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The Pareto Chart and its role in Quality Management

Diana Avram-Anghel
Diana Avram-Anghel

Imagine you’re a manufacturer in the food industry. You monitor products closely, yet you still identify quality issues. No matter how small, fixing problems with limited resources and in a timely manner can be quite challenging. Especially if you see multiple opportunities for quality and process improvement. This is where the Pareto chart comes in – a visual approach to analyzing an impactful problem, gaining insight into its frequency, and identifying solutions. How can you integrate the Pareto chart into your workflows and how does it work if you’re using quality management software? That’s what this article is about.  

Quality improvement based on the Pareto principle

Before looking at use cases and interpretation, it’s worth noting that the Pareto chart is based on the Pareto principle. Developed by engineer and economist Vilfredo Pareto, the Pareto principle highlights uneven distribution and is also known as the 80/20 rule. This because it states that 80% of the results are determined by 20% of the causes.

Translated into the context of production, the Pareto principle can be identified in a number of different scenarios. For example:

  • 80% of the outcome is controlled by 20% of the inputs that contribute to that outcome
  • 80% of a business’ revenue could come from 20% of its products
  • Or, dialing this principle further down into Quality Control, 80% of deviations come from 20% of root causes

In application, the Pareto principle is leveraged in Quality Management via the chart with the same name. 

The Pareto chart: a simple, understandable visual

The Pareto chart helps teams visualize the aspects of a problem and orders them from the most to the least impactful. This helps manufacturers to prioritize follow-up actions and find the quick road to improvement. Let’s illustrate how the Pareto chart works and how it should be interpreted with an example.  

Remember the food manufacturer at the beginning of this article? Let’s imagine that when manufacturing pickles, they identified eight inconsistencies with their product: softness, bitterness, hollow pickles, shriveling, discoloration, dark pickles, spotted pickles, and white sediment in the jar.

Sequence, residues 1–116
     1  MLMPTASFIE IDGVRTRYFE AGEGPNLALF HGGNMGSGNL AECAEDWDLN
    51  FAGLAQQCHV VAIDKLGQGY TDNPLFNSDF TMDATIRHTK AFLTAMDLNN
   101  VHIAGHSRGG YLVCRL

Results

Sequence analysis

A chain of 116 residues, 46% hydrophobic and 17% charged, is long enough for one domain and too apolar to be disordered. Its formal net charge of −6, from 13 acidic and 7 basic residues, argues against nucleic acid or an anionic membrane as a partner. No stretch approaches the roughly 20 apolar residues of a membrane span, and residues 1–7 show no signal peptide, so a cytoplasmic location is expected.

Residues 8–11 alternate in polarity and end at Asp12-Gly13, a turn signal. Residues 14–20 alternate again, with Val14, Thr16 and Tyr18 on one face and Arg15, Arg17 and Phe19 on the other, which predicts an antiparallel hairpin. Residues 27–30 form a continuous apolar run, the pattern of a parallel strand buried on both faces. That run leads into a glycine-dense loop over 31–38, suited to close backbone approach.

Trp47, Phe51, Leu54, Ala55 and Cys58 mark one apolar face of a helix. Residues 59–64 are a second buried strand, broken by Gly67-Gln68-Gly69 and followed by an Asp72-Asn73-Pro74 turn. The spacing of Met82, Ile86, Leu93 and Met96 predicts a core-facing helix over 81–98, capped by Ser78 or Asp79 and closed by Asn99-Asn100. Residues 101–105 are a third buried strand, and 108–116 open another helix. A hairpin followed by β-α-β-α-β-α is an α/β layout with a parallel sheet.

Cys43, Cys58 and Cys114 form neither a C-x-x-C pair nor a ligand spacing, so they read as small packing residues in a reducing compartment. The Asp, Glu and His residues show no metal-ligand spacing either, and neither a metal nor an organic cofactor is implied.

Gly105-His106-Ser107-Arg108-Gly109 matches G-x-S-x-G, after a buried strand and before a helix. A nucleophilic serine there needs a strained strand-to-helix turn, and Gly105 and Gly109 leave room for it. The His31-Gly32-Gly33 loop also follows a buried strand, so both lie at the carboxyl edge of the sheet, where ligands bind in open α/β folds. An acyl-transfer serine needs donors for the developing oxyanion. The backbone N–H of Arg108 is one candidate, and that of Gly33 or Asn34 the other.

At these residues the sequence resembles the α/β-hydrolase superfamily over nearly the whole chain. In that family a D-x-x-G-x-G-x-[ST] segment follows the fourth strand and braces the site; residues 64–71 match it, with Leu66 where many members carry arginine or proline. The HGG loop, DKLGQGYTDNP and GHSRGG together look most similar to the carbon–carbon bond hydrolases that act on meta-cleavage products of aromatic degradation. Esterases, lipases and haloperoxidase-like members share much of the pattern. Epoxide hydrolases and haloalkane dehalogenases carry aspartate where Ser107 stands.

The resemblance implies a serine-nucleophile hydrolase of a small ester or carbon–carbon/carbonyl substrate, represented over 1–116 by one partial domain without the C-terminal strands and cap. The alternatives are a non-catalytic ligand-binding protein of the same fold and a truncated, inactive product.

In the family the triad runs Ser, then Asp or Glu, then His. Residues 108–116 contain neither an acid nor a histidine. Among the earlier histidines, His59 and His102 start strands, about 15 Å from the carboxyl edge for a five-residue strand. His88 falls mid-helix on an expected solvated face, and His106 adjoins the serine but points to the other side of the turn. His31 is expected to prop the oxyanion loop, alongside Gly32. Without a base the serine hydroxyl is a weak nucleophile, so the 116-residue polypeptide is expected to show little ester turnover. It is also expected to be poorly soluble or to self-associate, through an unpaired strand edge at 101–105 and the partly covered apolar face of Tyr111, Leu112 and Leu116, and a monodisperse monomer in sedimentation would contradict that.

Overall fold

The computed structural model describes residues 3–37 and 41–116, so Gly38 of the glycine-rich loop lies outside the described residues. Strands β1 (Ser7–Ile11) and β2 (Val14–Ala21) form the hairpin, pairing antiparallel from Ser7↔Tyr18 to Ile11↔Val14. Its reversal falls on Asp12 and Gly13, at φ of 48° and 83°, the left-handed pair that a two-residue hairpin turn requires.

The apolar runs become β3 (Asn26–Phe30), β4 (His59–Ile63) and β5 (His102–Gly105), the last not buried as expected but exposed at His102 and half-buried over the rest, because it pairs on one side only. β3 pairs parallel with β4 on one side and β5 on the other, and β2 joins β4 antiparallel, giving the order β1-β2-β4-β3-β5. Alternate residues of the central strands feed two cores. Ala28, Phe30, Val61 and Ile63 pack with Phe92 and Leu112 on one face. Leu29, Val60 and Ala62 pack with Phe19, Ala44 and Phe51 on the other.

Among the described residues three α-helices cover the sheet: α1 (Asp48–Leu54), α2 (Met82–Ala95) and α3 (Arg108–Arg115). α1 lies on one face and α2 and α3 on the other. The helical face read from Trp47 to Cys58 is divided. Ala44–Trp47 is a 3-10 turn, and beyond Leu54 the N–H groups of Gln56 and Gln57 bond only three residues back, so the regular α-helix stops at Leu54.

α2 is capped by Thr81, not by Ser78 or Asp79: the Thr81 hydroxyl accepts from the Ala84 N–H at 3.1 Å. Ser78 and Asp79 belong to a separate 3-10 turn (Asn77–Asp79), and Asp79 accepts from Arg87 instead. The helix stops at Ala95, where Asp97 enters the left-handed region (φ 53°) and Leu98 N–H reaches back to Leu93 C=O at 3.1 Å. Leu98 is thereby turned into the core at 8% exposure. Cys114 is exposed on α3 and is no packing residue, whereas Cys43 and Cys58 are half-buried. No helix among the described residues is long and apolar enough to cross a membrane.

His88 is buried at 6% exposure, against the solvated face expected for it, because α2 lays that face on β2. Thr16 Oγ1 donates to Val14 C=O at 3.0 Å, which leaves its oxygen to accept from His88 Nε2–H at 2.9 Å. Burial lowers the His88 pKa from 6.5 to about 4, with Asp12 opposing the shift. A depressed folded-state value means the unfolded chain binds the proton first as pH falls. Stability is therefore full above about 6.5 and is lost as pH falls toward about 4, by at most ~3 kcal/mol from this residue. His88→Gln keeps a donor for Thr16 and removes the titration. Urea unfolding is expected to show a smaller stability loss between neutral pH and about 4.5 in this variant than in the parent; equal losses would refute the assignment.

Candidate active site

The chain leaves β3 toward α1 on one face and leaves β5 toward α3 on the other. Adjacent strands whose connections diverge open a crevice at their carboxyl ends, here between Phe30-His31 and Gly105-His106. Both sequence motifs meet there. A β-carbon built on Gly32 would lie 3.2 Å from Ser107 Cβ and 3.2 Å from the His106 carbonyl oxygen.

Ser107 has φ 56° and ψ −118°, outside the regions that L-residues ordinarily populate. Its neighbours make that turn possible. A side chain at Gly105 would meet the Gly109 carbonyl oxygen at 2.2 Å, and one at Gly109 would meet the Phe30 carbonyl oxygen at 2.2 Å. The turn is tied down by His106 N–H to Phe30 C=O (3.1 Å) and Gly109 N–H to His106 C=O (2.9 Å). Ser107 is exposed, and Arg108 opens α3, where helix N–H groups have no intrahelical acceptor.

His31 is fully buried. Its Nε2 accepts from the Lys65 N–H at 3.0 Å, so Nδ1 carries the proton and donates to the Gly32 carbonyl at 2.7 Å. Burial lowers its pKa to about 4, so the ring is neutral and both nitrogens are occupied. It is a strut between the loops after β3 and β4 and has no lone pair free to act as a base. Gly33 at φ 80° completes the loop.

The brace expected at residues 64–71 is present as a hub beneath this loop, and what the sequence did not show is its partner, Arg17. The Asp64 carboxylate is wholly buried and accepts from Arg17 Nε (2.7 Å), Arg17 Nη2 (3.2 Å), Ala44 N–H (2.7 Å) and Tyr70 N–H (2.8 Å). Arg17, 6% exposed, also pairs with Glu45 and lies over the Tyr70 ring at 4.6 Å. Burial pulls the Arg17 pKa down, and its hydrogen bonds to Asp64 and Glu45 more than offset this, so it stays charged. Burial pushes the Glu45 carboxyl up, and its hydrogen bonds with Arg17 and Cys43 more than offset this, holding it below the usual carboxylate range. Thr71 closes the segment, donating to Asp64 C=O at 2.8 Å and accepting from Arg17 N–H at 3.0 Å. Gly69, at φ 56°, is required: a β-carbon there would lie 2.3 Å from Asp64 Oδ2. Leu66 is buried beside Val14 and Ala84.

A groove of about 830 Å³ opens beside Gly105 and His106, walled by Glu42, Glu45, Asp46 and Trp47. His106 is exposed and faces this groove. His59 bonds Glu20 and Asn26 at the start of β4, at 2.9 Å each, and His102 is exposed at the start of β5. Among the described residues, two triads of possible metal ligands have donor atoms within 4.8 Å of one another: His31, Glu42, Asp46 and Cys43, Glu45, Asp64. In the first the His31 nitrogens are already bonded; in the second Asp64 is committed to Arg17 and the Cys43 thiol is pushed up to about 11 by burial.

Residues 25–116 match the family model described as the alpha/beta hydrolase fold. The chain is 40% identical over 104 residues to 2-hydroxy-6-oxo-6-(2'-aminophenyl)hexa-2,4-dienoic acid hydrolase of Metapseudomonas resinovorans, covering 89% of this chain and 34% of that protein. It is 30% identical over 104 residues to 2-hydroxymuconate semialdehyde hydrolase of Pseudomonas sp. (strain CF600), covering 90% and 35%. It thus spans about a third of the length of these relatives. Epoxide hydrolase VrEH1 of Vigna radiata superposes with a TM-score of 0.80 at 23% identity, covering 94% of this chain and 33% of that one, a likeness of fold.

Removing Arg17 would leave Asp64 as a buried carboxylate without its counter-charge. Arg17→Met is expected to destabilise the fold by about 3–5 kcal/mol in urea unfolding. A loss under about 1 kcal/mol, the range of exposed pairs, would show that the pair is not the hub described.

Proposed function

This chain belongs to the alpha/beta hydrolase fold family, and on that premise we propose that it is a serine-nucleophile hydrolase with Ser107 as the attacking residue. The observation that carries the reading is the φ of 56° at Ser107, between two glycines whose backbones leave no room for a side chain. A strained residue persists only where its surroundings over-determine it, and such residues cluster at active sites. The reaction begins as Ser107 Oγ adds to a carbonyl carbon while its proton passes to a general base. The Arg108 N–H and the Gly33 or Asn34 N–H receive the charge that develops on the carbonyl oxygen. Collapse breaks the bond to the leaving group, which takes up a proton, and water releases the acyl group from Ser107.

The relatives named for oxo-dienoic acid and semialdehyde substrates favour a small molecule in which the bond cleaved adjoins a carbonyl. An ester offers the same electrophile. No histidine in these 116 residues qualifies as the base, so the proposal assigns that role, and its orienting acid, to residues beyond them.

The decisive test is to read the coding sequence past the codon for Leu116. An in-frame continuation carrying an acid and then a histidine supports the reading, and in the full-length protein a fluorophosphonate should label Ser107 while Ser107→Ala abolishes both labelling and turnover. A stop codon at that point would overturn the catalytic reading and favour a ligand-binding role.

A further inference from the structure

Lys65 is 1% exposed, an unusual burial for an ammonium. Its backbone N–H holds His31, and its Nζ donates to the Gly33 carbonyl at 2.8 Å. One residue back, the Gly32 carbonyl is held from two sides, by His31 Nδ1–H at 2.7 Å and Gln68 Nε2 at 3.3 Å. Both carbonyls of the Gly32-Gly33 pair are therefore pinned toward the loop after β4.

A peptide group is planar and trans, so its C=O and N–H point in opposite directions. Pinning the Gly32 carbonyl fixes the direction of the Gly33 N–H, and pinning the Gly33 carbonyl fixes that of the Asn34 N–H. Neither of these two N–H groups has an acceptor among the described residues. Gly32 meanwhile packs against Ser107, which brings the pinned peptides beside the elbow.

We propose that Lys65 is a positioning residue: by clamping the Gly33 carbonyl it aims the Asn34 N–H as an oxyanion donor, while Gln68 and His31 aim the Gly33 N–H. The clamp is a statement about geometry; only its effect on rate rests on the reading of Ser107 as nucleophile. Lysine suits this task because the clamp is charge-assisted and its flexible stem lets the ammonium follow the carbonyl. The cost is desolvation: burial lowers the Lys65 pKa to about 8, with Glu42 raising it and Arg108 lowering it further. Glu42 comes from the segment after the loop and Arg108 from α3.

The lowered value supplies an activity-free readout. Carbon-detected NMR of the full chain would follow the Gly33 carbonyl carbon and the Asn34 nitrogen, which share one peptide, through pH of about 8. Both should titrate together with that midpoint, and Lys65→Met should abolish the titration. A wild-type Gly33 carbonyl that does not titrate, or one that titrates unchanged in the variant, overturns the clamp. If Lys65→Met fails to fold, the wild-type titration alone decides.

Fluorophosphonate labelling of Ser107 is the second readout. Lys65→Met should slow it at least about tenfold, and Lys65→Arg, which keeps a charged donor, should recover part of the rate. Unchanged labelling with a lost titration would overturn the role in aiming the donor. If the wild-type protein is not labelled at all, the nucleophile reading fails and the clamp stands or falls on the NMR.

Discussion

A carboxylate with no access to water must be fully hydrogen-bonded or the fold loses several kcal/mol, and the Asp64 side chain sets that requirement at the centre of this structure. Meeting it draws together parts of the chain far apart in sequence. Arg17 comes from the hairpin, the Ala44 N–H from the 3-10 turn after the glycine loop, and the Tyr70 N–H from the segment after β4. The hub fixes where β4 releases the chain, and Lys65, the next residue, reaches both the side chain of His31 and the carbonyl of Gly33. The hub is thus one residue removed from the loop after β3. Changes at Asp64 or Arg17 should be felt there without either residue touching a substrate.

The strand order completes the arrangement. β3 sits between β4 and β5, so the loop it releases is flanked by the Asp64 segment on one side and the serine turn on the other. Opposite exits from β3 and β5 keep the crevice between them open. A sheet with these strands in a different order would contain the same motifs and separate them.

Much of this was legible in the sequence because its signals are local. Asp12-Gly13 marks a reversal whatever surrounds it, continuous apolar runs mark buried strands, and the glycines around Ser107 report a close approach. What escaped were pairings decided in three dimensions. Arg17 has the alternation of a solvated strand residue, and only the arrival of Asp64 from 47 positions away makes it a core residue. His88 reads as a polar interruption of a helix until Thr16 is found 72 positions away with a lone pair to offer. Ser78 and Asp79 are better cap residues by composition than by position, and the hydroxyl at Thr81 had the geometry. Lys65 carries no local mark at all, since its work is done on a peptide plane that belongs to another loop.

On a Pareto chart, these eight defects would appear on the X-axis. The Y-axis would state the frequency for each inconsistency and order them from the most to the least frequent. So, from the example below, we can see that bitterness and softness are the highest bars, whereas spotted pickles and dark pickles are the shortest. Prioritizing the largest bars, the defects that occur most often will help with overall improvement more than focusing efforts on the shorter bars.

Pareto chart in AlisQI_blog example

The Z-axis, to the right, represents the cumulative percentage or the percentage of defects that can be removed if the most frequent types of defects are resolved. A steep line in your cumulative percentages indicates causes that have a more significant impact. Let’s go back to our example. According to the Pareto principle, if we focused our efforts on resolving the defects around bitterness and softness, we will see the biggest improvement in the quality of our pickles.

Pareto charts – main use cases

As mentioned above, a Pareto chart is an impactful tool that Quality mangers and staff can leverage at both macro and micro levels to gain insights and streamline production. A Pareto chart can be used to:

  • Run an analysis on broader causes by breaking them down into individual factors
  • Zero a team in on more significant problems when there are too many issues at play
  • Visualize the significance of a cause so that a team has a better understanding of it
  • Gain insight for prioritization

How to create a Pareto chart

Creating a Pareto chart is a multistep process. It usually involves steps like identifying a purpose, defining tools for measurement, establishing a timeframe, collecting, and analyzing data before the actual building for the chart. In a smart QMS system like AlisQI, however, Pareto charts are available for all selection list fields. This means that you have immediate access to data and the Pareto principle is just a click away.

More specifically, click on the column header of the selection list of interest and open the distribution panel. This will allow you to analyze your data using Pie and Pareto charts.  

You can see how a Pareto chart can be highly useful in optimizing your QC/QM efforts. To learn more about how a tool such as AlisQI can act in support of Pareto charts and many other QM techniques, request a demo today.